I won’t disagree with that because, for me, writing history arose from a visceral need to ‘de-colonise’ my notions of Indian history. Mughal history, especially, since it coincided with the period of forays by Europeans into India, has been shaped in popular memory by the writings of these men.


I felt it would be useful to swing the narrative arc away and view these events from an indigenous point of view, to re-claim this history, in a way, and place the Europeans within the Indian framework, as interlopers and grifters initially, on the sidelines of Mughal history, at a time when this empire was arguably the greatest in the world. For colonial writings, it’s good to remember, was deeply influenced by the Western writers’ own prejudices towards Islam, which was a force they long had a violent association with.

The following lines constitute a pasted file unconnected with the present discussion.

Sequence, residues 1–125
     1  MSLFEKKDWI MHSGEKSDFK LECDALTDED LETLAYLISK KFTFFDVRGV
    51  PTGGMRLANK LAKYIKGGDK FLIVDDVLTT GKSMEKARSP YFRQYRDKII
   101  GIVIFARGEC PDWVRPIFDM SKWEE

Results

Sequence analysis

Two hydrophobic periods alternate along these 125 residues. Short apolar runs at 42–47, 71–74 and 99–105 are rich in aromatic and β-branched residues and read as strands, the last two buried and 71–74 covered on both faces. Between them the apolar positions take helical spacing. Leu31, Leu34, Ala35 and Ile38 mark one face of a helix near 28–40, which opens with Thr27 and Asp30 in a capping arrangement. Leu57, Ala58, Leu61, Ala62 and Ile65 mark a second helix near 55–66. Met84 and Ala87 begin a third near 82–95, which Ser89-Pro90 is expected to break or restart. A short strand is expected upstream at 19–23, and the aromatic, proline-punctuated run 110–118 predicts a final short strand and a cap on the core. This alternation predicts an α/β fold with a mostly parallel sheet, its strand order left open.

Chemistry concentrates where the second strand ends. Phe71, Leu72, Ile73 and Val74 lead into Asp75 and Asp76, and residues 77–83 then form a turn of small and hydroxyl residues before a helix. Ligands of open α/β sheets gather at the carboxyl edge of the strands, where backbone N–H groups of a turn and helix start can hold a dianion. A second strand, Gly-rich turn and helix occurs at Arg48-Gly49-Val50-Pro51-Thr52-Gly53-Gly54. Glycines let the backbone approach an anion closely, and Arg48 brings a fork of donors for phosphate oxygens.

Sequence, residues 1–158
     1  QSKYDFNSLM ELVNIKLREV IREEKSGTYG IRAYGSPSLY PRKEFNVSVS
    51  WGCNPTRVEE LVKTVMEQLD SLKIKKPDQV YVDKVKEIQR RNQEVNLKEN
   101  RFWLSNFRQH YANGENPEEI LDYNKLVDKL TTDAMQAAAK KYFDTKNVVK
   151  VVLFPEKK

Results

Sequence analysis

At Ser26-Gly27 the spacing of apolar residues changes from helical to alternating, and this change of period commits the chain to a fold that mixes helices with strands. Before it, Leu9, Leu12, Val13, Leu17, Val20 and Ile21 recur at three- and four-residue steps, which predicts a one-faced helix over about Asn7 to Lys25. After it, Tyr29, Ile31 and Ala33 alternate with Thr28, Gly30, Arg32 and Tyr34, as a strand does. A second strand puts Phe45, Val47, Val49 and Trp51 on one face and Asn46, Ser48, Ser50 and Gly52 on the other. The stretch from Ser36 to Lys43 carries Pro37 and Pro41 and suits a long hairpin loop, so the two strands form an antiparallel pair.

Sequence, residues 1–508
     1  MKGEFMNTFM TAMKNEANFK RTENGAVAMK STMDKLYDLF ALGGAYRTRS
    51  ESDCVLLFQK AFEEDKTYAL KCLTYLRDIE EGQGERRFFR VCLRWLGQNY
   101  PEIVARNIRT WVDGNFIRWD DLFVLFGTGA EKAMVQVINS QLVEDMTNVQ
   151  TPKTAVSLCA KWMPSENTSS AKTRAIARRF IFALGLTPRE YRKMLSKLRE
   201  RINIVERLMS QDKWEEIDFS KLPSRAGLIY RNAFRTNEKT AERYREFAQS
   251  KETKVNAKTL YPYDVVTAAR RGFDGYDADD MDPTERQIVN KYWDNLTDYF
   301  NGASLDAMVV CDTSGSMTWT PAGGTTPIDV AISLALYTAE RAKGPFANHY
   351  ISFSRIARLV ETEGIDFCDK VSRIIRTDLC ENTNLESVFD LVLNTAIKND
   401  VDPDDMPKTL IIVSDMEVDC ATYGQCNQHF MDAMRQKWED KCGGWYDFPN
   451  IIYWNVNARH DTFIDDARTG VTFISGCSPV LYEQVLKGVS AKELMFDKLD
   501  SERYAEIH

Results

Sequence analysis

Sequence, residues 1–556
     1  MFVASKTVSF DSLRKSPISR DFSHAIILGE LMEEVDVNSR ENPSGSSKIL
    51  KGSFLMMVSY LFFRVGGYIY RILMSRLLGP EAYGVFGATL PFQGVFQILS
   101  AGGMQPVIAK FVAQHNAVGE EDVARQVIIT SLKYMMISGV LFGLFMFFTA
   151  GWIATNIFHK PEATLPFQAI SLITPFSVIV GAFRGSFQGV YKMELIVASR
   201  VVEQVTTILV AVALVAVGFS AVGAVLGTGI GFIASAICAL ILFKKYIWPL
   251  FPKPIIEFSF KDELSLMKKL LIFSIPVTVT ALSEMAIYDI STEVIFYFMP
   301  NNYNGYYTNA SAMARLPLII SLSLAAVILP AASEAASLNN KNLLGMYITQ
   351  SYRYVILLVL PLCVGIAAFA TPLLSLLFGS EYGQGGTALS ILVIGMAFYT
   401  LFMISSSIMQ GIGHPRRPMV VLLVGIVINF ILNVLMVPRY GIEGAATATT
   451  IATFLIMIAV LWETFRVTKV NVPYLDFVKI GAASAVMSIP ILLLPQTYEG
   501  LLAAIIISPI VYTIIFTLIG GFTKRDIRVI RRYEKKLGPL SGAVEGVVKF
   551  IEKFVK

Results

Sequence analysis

In taking up this particular subject, did you want to show that Islam is not an anti-women creed?

I knew that a lot of what we had inherited as Mughal history from British writings about that period was tainted by complicated British attitudes towards Islam. What I had not realised was the extent of the misinformation about the status of Mughal women in particular. This I discovered as I started on my research and found that they were highly educated, influential, respected, wealthy and ambitious. The Timurid Mughals were not intransigent about the purdah of their women, which remained more porous, with women being ‘visible’ in many ways.

The interviewer is Professor of English at Panjab University, Chandigarh.

Our code of editorial values

This article is closed for comments.
Please Email the Editor

Printable version | Jul 6, 2022 2:51:58 am |